June 3 Read 1 Timothy 6:1-6

Sometimes our arguments rage around a single word. Here again we could look at a hundred different scenarios. Some criticize the church for destroying unity over debates about the meaning of a single word or even a single letter while overlooking the general plain teaching of Christ. Here again, pride shows itself when such a doting over words has as its motive the desire to justify a lifestyle that is contrary to God’s word. Our depraved minds, acting as children of the devil himself, are masters at twisting the meanings of words to suit our own desire. Let us flee this trap and cling to the cross. Sing Psalter 151.

June 4 Read Titus 3:1-11

“But avoid foolish questions.” Questions are asked for many different reasons. Some are good and profitable, but others are foolish and unprofitable. Foolish questions are often asked with the motive of raising an issue that will lead to strife. Perhaps we use a question to raise a controversial topic and we enjoy seeing others get riled up. Perhaps we raise a question that will serve to put someone down while we are lifted up in pride. We need to be careful every time we open our mouths to speak, and this includes asking questions. Ask yourself, “Why am I asking this question?” Will it be profitable? Sing Psalter 329.

Imitators of Christ

June 5 Read Ephesians 5:1-12

The word “followers” in verse one is a translation of a word that has the idea of being an imitator. Just as children imitate their father, so we are imitators “of God, as dear children;” How can we imitate God? We, of course, do not imagine that we are God and pretend to be a sovereign ruler. The next verse explains very plainly what we are to do. “Walk in love, as Christ also hath loved us, and hath given himself for us an offering and a sacrifice to God for a sweetsmelling savour.” Pray for grace to look up to your heavenly Father and walk today as a child of His. Will those around you recognize you as a child of God? Sing Psalter 359.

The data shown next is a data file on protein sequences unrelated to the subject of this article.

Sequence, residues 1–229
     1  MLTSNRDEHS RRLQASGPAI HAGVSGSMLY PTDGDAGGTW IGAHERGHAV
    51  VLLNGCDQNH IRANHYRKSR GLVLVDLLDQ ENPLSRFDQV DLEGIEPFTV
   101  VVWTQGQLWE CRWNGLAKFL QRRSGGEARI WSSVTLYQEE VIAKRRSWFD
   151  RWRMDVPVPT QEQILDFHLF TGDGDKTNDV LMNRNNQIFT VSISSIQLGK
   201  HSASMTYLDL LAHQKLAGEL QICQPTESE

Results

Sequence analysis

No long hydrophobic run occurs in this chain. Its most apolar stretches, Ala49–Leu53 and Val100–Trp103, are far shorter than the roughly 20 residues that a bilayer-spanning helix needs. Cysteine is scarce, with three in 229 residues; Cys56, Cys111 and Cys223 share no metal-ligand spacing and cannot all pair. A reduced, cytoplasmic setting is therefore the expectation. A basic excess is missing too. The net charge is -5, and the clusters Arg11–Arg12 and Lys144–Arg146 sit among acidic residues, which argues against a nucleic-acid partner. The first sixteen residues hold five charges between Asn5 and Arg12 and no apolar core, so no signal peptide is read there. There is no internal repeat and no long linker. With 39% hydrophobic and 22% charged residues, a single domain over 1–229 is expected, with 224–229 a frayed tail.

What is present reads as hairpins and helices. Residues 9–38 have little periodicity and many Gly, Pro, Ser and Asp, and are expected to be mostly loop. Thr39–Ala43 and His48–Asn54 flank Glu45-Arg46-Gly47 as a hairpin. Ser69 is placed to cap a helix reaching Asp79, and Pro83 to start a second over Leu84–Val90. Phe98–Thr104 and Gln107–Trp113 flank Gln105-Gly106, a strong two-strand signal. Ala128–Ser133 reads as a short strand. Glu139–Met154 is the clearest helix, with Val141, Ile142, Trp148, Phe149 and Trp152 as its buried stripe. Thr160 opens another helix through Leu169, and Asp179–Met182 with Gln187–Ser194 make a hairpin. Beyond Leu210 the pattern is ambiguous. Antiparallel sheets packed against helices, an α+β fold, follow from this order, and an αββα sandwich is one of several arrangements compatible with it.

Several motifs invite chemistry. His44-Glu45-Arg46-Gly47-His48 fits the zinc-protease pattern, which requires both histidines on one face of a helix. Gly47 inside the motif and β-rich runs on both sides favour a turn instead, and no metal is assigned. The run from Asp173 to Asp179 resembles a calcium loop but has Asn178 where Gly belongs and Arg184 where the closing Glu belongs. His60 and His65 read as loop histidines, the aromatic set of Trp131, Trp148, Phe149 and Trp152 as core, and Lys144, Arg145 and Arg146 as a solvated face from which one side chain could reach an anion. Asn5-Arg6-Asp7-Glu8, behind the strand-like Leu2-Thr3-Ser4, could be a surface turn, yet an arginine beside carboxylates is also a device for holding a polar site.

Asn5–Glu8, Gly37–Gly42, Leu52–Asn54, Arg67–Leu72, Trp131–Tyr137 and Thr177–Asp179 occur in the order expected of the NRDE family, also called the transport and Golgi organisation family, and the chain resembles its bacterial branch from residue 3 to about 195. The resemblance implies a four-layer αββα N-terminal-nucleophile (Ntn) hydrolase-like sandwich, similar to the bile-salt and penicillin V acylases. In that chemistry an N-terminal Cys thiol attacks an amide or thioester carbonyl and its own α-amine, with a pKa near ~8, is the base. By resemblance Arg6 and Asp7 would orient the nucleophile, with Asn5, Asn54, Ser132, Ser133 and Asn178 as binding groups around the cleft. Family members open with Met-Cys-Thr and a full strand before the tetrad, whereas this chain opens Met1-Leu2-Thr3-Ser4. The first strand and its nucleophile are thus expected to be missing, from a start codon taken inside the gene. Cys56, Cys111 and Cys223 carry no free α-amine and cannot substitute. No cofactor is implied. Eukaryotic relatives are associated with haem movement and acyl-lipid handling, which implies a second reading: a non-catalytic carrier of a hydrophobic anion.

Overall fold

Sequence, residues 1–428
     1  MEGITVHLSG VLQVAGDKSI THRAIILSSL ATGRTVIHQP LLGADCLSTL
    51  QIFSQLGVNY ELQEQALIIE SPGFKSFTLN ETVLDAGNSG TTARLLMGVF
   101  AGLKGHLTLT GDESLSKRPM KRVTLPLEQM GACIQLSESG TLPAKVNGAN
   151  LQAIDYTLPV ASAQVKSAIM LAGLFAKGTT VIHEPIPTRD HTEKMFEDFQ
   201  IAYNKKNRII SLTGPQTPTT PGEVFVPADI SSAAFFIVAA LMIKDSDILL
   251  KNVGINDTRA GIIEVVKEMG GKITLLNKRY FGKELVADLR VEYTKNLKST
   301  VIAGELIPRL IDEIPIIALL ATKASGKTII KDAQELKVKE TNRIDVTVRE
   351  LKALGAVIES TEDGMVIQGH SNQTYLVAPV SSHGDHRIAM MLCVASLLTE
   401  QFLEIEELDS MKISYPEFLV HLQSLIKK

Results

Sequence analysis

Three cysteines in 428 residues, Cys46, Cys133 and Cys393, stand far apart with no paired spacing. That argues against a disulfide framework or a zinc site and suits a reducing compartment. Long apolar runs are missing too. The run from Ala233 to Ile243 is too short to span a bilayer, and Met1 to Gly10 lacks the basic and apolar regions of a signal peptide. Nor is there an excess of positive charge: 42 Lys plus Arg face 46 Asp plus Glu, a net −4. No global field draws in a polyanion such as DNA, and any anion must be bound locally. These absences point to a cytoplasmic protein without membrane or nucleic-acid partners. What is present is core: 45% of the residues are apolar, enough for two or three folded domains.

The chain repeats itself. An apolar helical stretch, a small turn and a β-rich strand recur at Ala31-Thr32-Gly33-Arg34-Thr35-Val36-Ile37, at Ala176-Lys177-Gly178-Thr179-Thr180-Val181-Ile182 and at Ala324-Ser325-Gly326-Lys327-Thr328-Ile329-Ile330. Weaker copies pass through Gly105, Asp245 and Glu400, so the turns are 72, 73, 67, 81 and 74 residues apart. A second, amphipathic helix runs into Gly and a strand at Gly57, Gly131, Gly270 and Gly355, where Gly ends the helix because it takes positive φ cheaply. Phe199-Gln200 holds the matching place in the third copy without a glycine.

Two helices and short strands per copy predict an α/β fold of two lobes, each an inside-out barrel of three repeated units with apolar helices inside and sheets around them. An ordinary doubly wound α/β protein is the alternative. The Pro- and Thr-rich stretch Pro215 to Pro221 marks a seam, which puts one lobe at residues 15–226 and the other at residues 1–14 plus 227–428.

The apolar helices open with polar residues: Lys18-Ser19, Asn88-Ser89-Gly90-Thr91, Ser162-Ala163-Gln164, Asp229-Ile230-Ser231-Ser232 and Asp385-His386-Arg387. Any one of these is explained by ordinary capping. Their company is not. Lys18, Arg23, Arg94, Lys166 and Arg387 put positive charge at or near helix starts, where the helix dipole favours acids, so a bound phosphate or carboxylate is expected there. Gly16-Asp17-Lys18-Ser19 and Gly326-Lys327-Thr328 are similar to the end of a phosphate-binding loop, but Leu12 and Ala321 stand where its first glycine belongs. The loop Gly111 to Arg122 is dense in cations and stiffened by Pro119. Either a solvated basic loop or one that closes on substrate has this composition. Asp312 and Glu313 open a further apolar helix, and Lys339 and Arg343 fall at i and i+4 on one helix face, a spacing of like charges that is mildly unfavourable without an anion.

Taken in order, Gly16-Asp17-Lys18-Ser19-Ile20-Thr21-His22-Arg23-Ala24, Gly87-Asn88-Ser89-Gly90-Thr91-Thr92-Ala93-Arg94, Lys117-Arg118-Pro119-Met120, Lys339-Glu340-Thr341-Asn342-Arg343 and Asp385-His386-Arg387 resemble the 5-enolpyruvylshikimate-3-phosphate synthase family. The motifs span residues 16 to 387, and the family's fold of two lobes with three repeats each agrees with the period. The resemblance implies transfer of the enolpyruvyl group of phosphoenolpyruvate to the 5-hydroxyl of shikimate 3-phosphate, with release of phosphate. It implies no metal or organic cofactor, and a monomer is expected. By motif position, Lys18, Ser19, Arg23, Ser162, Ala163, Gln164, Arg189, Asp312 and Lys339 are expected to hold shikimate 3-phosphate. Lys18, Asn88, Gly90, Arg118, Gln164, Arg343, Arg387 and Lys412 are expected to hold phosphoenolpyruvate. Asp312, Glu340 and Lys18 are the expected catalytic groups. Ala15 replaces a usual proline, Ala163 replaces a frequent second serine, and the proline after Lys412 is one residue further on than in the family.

June 6 Read Leviticus 11:43-45

Yesterday we noticed that we imitate God when we walk in love. In what other way must we imitate God? One important lesson that the children of Israel had to learn was to be holy, even as their covenant God is holy. I believe the basic idea here behind the term holy is to be separate from everything else: all the other people who were not chosen out of fallen humanity, all that was left defiled with sin. God had chosen His people. He had redeemed them from death. To look back and long for the old life would be spiritual adultery. To reinforce this concept, God gave various laws to remind and teach His people the concept of separation. Do you flee temptation, or do you get as close to the dirt as possible? Be holy, even as God is holy. Sing Psalter 24.

June 7 Read Matthew 5:43-48

As imitators of our Father, we must walk in love, be holy, and in this word of God, we must be perfect. Yes, we must be perfect. Does this mean we must avoid doing anything wrong? It is more than that. To be perfect involves positive action on our part. We saw earlier that we must walk in love. But even that stops short at the real test. Even the publicans and sinners will love. What is that love of God that we must imitate? God loved us while we were yet enemies. We were in union with the Devil himself. Do you have that kind of love in your heart? Do you love that one who cut you down, who slandered you, who desires to rub you in the mud every chance he gets? By grace alone this sort of love begins to find a place in the heart of a child of God. Pray for that grace. Sing Psalter 35.

June 8 Read Luke 6:27-36

When we try to imitate God as our Father, we begin to realize how far short we fall and how great our God is. Today we are called to be merciful even as God is merciful. This mercy is closely tied to the concept of loving our enemies but is applied here in the area of giving. We are to give, not with the hope of getting something in return, but expecting never to see any profit for ourselves. We really have nothing of ourselves anyway. All we have is what we have from God. When we begin to realize our utter dependence upon God for everything, then we can also begin to give properly, and experience what it means to be a child of God. Do you spend more time looking out for yourself, or do you have a heart of mercy and quickly stoop to the needs of others and forget yourself? This mercy, along with all the other qualities of a child of God come by the grace of God alone. Sing Psalter 232.

June 9 Read Ephesians 4:25-32

God, for Christ’s sake has forgiven us. Are you willing to forgive those who wrong you? Our sins have been blotted out before God. They are gone and will never come between God and His children again. As children of God, we also must seek to blot out and forget the wrongs others do to us. Do you have a reputation of one who is kind and tender hearted? Meditate upon God’s word. Study God as a child studies his father, and imitate Him. Sing Psalter 140.